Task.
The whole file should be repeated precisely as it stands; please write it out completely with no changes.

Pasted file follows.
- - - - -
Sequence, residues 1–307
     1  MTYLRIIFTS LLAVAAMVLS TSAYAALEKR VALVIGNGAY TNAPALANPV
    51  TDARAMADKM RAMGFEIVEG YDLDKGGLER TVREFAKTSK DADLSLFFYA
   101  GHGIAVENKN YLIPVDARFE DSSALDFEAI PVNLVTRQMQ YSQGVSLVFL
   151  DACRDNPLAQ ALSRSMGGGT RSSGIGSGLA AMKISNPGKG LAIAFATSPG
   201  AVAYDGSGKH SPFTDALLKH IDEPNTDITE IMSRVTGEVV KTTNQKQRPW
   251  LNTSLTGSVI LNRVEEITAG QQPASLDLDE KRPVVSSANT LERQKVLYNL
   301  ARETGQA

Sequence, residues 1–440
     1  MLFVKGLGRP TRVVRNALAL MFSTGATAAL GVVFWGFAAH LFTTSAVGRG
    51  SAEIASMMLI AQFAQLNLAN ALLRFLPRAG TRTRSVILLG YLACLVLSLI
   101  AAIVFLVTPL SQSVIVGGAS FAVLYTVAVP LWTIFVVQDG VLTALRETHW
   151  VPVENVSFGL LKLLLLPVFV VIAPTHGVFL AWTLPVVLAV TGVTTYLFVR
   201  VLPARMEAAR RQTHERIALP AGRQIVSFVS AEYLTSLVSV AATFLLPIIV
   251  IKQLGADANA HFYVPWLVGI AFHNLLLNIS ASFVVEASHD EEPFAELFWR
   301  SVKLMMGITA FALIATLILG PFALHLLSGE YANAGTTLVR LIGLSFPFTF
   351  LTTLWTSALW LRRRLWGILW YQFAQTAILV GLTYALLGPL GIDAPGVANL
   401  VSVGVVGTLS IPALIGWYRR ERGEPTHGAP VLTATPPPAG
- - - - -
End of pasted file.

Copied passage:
Sequence, residues 1–307
     1  MTYLRIIFTS LLAVAAMVLS TSAYAALEKR VALVIGNGAY TNAPALANPV
    51  TDARAMADKM RAMGFEIVEG YDLDKGGLER TVREFAKTSK DADLSLFFYA
   101  GHGIAVENKN YLIPVDARFE DSSALDFEAI PVNLVTRQMQ YSQGVSLVFL
   151  DACRDNPLAQ ALSRSMGGGT RSSGIGSGLA AMKISNPGKG LAIAFATSPG
   201  AVAYDGSGKH SPFTDALLKH IDEPNTDITE IMSRVTGEVV KTTNQKQRPW
   251  LNTSLTGSVI LNRVEEITAG QQPASLDLDE KRPVVSSANT LERQKVLYNL
   301  ARETGQA

Sequence, residues 1–440
     1  MLFVKGLGRP TRVVRNALAL MFSTGATAAL GVVFWGFAAH LFTTSAVGRG
    51  SAEIASMMLI AQFAQLNLAN ALLRFLPRAG TRTRSVILLG YLACLVLSLI
   101  AAIVFLVTPL SQSVIVGGAS FAVLYTVAVP LWTIFVVQDG VLTALRETHW
   151  VPVENVSFGL LKLLLLPVFV VIAPTHGVFL AWTLPVVLAV TGVTTYLFVR
   201  VLPARMEAAR RQTHERIALP AGRQIVSFVS AEYLTSLVSV AATFLLPIIV
   251  IKQLGADANA HFYVPWLVGI AFHNLLLNIS ASFVVEASHD EEPFAELFWR
   301  SVKLMMGITA FALIATLILG PFALHLLSGE YANAGTTLVR LIGLSFPFTF
   351  LTTLWTSALW LRRRLWGILW YQFAQTAILV GLTYALLGPL GIDAPGVANL
   401  VSVGVVGTLS IPALIGWYRR ERGEPTHGAP VLTATPPPAG